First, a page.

I mean to take life by the throat today – apply for my new driving license; make some phone calls about the coming-down of the dining room ceiling next Wednesday; make a list, at least, of other pressing tasks.
I’m half-way from heel to ribbing.
I feel terribly sorry for poor Helen C.K.S. who has let herself finish something without thinking what to do next. The most bereft of feelings. I mean to go on to socks for Alexander. My first thought was that he would have to wait, because I only have 100 grams of his yarn and that means the toes will have to end in something else and I’m having my toe-up phase at the moment. I can hardly switch yarns on him half-way up the leg.
But, on reflection, there is really no problem. I can start with the something-else. There are top-down socks in my husband’s sock drawer, knit in the fashion just mentioned, which will give me a good idea when it’s safe to switch to the main yarn.
It will be hard to leave off Zauberball-knitting, even for a little while.
A dreadful thing: I found moths this week on the madelinetosh yarn which will eventually become my Effortless or Vitamin D or that twisted-front thingy from VK. I got rid of them and the yarn is in the freezer, filling an uncomfortable amount of space. It has been there three days. Is that long enough? I must take it out soon – I need the space for food – and make sure it’s dry and then put it in a chest where I think it will be safe.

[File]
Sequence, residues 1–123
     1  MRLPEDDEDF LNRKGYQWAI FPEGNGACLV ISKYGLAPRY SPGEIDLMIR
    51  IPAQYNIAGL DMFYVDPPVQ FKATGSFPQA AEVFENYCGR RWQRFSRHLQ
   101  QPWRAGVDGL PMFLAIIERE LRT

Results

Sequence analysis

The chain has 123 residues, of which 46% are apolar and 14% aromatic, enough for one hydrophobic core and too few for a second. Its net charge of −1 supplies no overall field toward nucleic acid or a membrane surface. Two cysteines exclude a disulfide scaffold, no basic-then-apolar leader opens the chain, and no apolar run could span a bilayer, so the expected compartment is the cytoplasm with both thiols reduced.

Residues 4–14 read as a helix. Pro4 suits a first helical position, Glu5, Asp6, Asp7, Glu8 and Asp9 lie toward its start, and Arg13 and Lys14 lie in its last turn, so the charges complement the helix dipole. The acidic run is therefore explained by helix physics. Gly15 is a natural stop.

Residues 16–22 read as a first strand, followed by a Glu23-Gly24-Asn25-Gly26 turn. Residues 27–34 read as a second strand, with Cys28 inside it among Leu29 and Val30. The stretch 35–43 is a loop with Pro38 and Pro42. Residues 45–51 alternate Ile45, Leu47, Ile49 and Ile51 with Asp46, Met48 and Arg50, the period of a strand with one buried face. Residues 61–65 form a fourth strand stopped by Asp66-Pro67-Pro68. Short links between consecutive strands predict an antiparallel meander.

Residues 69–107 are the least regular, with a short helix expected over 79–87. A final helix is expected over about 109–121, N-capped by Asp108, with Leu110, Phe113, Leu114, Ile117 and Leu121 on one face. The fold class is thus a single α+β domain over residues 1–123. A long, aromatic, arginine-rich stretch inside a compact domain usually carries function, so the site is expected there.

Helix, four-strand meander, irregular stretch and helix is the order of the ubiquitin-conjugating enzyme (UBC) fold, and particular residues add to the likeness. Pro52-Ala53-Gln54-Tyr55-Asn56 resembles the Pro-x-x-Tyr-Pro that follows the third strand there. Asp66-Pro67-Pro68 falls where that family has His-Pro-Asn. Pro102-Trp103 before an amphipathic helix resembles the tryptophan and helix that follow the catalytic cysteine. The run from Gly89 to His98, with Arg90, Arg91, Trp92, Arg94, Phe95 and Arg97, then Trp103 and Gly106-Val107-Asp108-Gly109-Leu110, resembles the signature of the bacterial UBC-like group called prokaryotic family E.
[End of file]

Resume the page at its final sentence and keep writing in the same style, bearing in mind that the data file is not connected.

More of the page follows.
I mention this because there was strong evidence that the moths were (like me) particularly enthusiastic about madelinetosh and ignoring other pure wool yarns equally accessible nearby. Colour? – the way birds will strip the red current bush while ignoring the white currents? Or what?
I got “Fruit and Vegetables for
yesterday, by Kenneth Cox and Caroline Beaton, ordered on the strength of a
review in the Scotsman last Saturday. I was afraid the authors wouldn’t know
is a big place with a lot of climatic variation, but they do – it’s a good
It makes me determined to master some of the easys – notably kale, but also spring onions and beetroot. My sister and I have been corresponding about her parsley, which wasn’t doing at all well until moved to another part of the garden. I have no idea what was wrong – that never hinders an exchange of opinion between sisters. But my own pontificating has left me convinced that there must be a reason why the three things just mentioned come up, for me, and then just sit there, an inch and a half high, for the rest of the summer.
The two authors write separate parts of the book, rather than collaborating on the whole. I particularly like this, in the pages on rhubarb: “With a nod in the direction of Nigel Slater, Caroline recommends baked rhubarb served with crispy fillets of mackerel. I can’t think of anything worse, myself.”